The European Food Safety Authority (EFSA), based in Parma, Italy, held a two-day scientific colloquium last week, bringing together leading scientists, representatives of European, international and national institutions, technology companies, food businesses and consumers. We collected opinions and insights from Groups and numerous individuals and other organizations interested in this highly topical issue participate.
EFSA’s aim was to ensure that all the latest scientific and risk assessment developments were taken into account when setting standards for assessing the safety of these new food technologies. They also said they would like to engage with producers and wider society.
As an appetizer to the event, which was streamed live online, EFSA spoke with experts in the field to explain some of the relevant scientific issues as well as the social and economic context.
What is tissue engineering and precision fermentation?
Ramiro Alberio, one of the EFSA colloquium panelists, is a professor of developmental biology at the University of Nottingham, UK.
Mr Alberio said: “Cell and tissue engineering makes it possible to separate and culture cells and tissues from whole organisms. can be grown under controlled conditions without other parts of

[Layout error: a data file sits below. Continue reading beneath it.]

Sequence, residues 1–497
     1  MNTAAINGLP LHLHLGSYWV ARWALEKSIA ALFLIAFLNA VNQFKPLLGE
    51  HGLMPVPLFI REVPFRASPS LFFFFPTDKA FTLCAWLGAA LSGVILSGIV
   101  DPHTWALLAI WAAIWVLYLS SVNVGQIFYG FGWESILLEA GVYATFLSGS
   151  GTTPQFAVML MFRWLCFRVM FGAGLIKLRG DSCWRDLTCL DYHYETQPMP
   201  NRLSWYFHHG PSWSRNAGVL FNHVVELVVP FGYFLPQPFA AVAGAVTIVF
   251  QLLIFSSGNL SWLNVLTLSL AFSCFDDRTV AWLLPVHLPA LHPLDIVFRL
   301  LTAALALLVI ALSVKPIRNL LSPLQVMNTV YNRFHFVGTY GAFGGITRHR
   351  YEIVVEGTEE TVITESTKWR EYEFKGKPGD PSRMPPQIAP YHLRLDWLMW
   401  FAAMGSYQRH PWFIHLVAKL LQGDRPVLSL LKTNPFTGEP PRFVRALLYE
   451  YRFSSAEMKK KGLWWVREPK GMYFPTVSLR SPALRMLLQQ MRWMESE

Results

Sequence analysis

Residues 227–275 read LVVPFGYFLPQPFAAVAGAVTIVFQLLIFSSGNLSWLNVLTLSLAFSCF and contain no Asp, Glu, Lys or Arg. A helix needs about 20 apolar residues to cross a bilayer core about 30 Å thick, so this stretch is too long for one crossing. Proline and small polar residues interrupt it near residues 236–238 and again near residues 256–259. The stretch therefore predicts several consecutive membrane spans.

“Cell engineering is already used in medicine to regenerate tissue or replace damaged or diseased cells. may also be applied.”
So-called precision fermentation is a technology that uses microorganisms to produce specific products such as proteins, human-identical milk oligosaccharides, vitamins and fibres.
“Precision fermentation has already been used for years in the production of pharmaceuticals such as insulin and food enzymes, as well as in the production of cheese, for example. is even more widespread,” Alberio said.
Are foods and ingredients made with these technologies safe?
EFSA’s role is to assess the safety of novel foods in the EU, including foods derived from new technologies such as cell culture and tissue engineering.
Wolfgang Gelbmann is EFSA’s Senior Scientific Officer for Novel Foods and Colloquium General Rapporteur.
“So far, EFSA has not been asked to evaluate food derived from cultured animal cells, what people call ‘laboratory-grown meat,'” he said. However, we have evaluated several new food ingredients produced by precision fermentation.
“We expect to see new food applications for cell culture-derived foods in the coming months and years. I will continue to be ready when the arrives.”
Experts from EFSA’s Panel on Nutrition, Novel Foods and Food Allergens (NDA Panel), in particular the Novel Foods Working Group, carry out these assessments.
“We believe that the new food guidance prepared by our experts, together with EFSA’s other applicable cross-sectoral guidance documents, is suitable for this purpose,” said Dr. Gelbman. , we have used these guidelines to evaluate over 100 applications covering a wide variety of novel food products in recent years. Nevertheless, we review them regularly and keep them up to date in line with scientific and technological advances.